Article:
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Can someone explain the ortho e/p please,and it's difference from the Plossl,advantages if any,possible uses.Ta.:eek:

Orthoscopics are a 3-element design with limited eye relief, but exceptional sharpness all the way to the edge of the field. They were developed for use with longer refractors and excel in planetary and lunar work.

The Plossl design (developed by Georg Plossl in the 1860's) is a 4-element design that offers better eye relief and a much wider field of view, usually 55-60 degrees, compared to 40-45 degrees for an ortho (A 25% improvement in the field of view!). Plossls were very uncommon until about 15 years ago, when the design made a resurgance due to marketing work by Meade and Parks Optical in the States, who re-popularized the design in the late 80's and early '90's.

The price has come way down with Asian manufacture and mass marketing. Many scopes come with basic Plossls, and although some snear at these 'bargain' eyepieces; they are vastly better than the Kellner and Ramsden designs that were standard fare with starter scopes in the 80's and earlier.

Hope that helps,

Dan

Edited by Ad Astra
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Thanks Prof;now I know the 5mm ortho I bought on a whim is just a curiosity....still,like Alice,I believe in being curious.Unlike her,I never got out of the rabbit hole.Nice to hear from you again.

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hi Dave

I use Baader Genuine Orthos (which I find preferable to the volcano top types) and find orthos easier to use than the equivalent plossl. I think the reason for this is that they have very slightly longer eye relief by ratio than plossls (I think usually x0.85 focal length rather than x0.8 as in plossls) but mainly because when observing I prefer to see the field stop and the ortho has a somewhat narrower field.

For planetary / lunar / double star observing I feel there's nothing better (or at least nothing I have tried is better) as long as you can take the short eye relief and preferably have some sort of basic tracking mount in RA/azimuth at least. I was also surprised that due to their really good light transmission and contrast, they are excellent on all targets including galaxies and planetary nebulae as long as the target fits in the FOV.

Personally for £70 approx I feel BGOs are a true bargain. Don't get me wrong, I also have a Nagler and an Ethos but for their designed purpose I feel orthos cannot be beaten. I certainly observe planets and the moon with orthos rather than my Ethos.

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Orthoscopics are a 3-element design with limited eye relief, but exceptional sharpness all the way to the edge of the field. They were developed for use with longer refractors and excel in planetary and lunar work.

The Plossl design (developed by Georg Plossl in the 1860's) is a 4-element design that offers better eye relief and a much wider field of view, usually 55-60 degrees, compared to 40-45 degrees for an ortho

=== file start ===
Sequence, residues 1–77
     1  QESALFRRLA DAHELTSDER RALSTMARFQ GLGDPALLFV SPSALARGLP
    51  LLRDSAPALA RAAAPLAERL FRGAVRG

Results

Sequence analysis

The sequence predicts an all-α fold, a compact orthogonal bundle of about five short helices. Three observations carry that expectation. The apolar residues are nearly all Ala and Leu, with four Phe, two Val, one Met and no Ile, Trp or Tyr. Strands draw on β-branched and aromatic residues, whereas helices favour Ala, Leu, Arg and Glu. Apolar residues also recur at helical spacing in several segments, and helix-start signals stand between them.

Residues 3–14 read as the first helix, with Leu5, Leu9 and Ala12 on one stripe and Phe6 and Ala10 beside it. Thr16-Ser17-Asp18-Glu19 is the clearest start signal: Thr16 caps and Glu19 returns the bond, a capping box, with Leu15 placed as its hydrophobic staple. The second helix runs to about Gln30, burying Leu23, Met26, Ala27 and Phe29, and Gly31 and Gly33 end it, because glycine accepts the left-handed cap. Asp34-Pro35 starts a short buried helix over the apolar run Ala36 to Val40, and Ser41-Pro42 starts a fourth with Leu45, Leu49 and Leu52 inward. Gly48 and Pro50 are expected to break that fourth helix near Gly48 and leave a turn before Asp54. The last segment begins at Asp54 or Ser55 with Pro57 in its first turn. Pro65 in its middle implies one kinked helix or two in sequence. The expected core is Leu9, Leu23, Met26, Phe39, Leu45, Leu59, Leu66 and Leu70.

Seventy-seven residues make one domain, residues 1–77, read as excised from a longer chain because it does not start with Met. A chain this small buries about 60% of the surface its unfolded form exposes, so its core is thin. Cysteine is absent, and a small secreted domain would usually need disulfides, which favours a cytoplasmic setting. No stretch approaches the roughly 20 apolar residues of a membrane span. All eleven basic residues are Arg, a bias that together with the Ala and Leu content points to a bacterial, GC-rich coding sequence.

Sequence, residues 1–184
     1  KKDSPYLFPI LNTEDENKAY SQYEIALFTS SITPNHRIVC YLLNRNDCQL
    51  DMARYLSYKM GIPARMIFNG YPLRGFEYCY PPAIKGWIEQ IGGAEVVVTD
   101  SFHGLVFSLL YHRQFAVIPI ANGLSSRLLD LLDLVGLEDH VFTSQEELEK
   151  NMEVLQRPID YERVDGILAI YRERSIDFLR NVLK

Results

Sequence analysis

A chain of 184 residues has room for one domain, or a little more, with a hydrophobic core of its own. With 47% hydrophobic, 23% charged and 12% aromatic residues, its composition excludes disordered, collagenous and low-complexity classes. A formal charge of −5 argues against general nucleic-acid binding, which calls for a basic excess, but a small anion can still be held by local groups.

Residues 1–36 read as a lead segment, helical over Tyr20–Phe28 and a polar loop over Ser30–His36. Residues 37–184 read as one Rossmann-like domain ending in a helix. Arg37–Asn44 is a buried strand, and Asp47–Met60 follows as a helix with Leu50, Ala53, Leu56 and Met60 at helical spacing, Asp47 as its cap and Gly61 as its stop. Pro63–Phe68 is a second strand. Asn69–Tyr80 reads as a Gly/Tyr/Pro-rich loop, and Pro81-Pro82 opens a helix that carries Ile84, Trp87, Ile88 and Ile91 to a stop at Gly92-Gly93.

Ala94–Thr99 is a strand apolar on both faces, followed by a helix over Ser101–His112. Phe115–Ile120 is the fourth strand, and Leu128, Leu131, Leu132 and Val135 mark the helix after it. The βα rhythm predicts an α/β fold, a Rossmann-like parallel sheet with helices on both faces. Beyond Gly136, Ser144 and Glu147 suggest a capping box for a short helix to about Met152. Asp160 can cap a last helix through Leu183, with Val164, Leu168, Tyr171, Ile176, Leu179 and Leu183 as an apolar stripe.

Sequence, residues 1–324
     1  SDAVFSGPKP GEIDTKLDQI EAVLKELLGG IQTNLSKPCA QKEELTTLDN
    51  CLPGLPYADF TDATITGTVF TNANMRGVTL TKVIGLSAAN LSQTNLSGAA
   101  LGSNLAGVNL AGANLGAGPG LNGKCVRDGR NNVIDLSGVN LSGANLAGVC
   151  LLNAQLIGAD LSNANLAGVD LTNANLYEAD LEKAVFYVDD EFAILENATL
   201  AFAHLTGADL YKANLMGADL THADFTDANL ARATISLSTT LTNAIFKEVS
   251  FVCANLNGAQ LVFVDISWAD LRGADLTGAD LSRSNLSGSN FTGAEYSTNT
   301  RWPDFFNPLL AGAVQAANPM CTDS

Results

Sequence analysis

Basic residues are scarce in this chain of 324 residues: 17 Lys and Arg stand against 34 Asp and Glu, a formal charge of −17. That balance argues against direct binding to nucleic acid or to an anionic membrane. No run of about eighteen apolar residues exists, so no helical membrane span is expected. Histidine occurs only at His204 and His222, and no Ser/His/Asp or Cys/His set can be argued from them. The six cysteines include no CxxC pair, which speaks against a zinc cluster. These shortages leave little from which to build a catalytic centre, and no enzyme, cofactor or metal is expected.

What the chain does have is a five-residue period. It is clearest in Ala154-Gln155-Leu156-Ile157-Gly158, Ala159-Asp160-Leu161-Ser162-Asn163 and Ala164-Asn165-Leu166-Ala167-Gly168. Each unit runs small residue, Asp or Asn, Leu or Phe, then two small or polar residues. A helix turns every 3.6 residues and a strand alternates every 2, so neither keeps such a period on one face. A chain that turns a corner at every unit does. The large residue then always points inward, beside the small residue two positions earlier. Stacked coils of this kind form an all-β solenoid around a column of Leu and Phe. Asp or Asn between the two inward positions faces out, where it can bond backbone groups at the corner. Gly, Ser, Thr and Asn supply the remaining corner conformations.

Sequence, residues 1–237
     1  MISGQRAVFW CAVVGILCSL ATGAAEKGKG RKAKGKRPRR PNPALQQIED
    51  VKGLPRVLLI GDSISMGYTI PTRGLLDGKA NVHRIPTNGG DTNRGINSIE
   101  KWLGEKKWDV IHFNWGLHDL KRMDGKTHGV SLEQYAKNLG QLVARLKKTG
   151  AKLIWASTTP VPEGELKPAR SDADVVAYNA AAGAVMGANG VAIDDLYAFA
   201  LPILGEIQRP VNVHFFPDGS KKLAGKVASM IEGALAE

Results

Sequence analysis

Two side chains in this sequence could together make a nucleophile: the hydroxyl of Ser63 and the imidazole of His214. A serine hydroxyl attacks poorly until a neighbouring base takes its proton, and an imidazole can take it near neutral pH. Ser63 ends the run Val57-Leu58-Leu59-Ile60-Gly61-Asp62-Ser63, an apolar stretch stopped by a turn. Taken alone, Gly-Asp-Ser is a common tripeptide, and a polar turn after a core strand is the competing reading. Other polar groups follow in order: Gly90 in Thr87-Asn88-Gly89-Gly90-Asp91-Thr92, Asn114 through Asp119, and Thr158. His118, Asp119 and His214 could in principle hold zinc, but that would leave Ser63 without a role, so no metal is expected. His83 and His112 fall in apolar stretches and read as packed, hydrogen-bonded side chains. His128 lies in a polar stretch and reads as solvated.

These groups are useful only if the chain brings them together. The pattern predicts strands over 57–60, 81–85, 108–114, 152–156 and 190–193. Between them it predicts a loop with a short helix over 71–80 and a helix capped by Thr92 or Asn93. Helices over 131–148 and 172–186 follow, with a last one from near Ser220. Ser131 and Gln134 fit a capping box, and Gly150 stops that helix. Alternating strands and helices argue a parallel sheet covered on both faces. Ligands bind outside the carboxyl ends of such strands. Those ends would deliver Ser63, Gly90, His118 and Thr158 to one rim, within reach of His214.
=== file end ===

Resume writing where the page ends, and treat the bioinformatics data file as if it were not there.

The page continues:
That's just plain wrong. Both orthos and plossls are 4 element designs with very similar eye relief (in fact the standard Abbe ortho eye relief is 85% of the focal length, whereas the standard plossl is 80%).

Both ortho and plossl designs work well at f/6 and acceptably at f/5 but neither works well in scopes faster than that.

A standard 4 element plossl will not have an acceptable field of view exceeding 50 degrees. There are modified designs ("super plossl") which have extra elements - 5 or 6 elements in 3 groups - and do have a larger field of view.

The standard Plossl has more tendency to "ghost images" caused by internal reflections than the ortho design. Super Plossls can be even worse; the extra surfaces reduce transmission and tend to reduce image contrast (the effect is far worse in this respect than the small central obstruction in reflectors).

Additionally, for long term use, note that the eye facing lens in an ortho (the one which tends to get wiped more than anything else in the optical train) is made of scratch-resistant hard crown glass, whereas the eye facing lens in the plossl design is soft, easily scratched flint glass.

Monocentrics are to be preferred for planetary work in driven scopes, when their "drinking straw" field of view is not an issue. Plossls of good quality are fine for general use but a good quality ortho like the Baader Genuine Ortho is superior for planetary, lunar and solar work, the higher contrast trumping the slightly wider field of view.

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I do not find sufficient difference between the view produced by a plossl and an Abbe orthoscopic to warrant duplication of focal lengths. Both types are fine for concentrating on a small object. This is for my 9mm and 12.7mm Antares orthos (similar BGO) and 20mm and 30mm Vixen NPL plossls ((and using a Vixen barlow to get focal lengths close). However, at 59 years old my sight is unlikely to be as good as it was and I use spectacles due to astigmatism so my opinion may not be worth that much...

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